All states make impaired driving a crime, which includes legal and illegal drugs. Some officers may administer a chemical test to check suspected drunk drivers. Drivers face stiff penalties for refusing chemical tests under Florida’s implied consent law.
Overview of implied consent
A driver has given consent to undergo chemical testing in Florida when they are issued a license. A chemical test is commonly done by using a breathalyzer device, which collects a breath sample, and a blood or urine test.
A driver is legally required to take a breathalyzer or a urine test but not a blood test except in certain situations. For example, if the driver is unconscious, the officer may request a blood draw because it is implied the driver gave their consent.
The penalty for the first refusal of a chemical test is a one-year automatic license suspension. Some drivers may be eligible for a restricted license after completing an evaluation and substance abuse course.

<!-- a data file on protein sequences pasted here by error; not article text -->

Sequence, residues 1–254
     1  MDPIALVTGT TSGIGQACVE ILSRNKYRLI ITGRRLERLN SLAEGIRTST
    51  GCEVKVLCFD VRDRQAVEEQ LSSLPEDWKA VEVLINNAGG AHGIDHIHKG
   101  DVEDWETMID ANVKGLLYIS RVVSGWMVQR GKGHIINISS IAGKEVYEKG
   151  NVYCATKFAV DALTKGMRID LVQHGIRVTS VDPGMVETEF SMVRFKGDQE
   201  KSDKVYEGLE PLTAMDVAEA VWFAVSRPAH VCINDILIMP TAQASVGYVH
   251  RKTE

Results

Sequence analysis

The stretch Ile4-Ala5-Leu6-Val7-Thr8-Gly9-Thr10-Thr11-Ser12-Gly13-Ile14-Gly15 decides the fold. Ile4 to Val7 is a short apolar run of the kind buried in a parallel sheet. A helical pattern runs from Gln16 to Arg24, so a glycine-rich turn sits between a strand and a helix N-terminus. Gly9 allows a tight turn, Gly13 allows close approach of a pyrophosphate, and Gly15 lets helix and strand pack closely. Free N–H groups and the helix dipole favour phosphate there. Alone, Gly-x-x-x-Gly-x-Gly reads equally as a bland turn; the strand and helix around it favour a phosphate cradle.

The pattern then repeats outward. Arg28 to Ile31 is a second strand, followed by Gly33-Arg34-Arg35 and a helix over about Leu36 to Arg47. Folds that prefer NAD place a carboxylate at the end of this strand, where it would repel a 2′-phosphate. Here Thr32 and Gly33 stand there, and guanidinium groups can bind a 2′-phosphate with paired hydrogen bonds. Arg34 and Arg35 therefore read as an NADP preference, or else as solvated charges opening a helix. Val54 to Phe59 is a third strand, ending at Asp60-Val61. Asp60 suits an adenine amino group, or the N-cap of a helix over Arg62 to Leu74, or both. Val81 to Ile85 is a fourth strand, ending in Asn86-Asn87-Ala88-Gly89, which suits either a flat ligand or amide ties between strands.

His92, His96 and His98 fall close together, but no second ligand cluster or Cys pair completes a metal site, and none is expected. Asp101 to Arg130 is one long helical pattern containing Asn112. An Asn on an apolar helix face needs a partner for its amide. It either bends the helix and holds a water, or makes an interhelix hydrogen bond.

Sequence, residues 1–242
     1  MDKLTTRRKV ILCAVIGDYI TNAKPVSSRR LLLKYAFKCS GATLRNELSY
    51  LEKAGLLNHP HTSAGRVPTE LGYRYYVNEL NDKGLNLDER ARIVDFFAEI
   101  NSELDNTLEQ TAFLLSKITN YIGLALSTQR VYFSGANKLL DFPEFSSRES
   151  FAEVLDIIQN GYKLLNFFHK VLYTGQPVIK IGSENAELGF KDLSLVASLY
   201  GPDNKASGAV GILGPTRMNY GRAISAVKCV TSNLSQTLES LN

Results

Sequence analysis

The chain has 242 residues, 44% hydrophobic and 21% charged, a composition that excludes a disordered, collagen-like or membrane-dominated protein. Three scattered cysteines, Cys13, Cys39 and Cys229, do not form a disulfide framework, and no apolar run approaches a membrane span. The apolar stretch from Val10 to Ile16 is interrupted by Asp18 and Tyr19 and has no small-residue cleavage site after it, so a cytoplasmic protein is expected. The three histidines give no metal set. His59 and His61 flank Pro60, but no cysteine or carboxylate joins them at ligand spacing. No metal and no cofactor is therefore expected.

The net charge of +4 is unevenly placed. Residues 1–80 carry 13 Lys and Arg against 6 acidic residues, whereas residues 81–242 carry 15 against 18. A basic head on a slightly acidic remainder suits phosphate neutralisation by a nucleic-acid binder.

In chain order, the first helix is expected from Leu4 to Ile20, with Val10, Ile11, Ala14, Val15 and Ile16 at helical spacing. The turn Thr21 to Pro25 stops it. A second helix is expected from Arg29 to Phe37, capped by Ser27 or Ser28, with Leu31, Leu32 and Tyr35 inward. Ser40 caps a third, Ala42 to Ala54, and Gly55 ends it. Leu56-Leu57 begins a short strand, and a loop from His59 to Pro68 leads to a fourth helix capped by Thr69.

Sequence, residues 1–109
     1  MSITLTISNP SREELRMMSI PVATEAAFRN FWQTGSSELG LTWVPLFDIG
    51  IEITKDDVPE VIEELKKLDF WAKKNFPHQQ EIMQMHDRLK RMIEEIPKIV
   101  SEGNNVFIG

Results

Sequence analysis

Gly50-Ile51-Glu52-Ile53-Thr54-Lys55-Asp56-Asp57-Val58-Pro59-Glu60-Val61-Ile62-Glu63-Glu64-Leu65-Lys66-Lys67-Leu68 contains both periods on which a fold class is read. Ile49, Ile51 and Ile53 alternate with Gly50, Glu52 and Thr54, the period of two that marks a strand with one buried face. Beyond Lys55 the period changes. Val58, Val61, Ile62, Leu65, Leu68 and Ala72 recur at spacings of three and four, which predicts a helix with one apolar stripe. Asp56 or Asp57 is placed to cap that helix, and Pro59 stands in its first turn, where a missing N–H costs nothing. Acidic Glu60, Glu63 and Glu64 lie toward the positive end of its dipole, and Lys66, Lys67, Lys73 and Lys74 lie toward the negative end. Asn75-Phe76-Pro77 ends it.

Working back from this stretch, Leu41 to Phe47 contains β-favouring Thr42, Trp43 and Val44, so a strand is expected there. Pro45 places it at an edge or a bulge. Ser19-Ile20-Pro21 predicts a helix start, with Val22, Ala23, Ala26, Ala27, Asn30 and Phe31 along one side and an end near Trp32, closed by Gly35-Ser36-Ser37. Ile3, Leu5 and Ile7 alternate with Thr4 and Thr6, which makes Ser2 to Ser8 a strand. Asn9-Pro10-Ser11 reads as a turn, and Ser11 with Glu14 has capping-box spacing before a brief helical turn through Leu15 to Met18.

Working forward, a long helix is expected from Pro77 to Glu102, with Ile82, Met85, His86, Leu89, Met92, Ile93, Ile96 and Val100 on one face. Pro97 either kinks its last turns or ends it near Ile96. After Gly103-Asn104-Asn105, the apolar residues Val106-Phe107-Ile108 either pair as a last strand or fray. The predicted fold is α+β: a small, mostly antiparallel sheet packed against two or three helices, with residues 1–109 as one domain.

Defenses to chemical tests
For the charges to count, the arrest must be lawful; otherwise, the DUI defense can challenge it. DUI cases require reasonable suspicion, meaning that the officer believed that the driver broke a law, such as running a stop sign. The officer also needs probable cause to arrest you, or they must get proof through observations, driver actions, and field sobriety tests.
Blood and urine tests that are not handled and stored properly to avoid contamination may give false results. Sometimes, a breath test gives a false positive because some medical conditions, such as diabetes, produce substances with alcoholic properties called acetones. Laws require breath tests to get calibrated, which is testing their sensors, or they may give false results.
A DUI can result in lengthy jail terms, license suspension, fines, higher insurance premiums, and a criminal record. However, tests aren’t always right, and it’s important to examine all sides of a situation.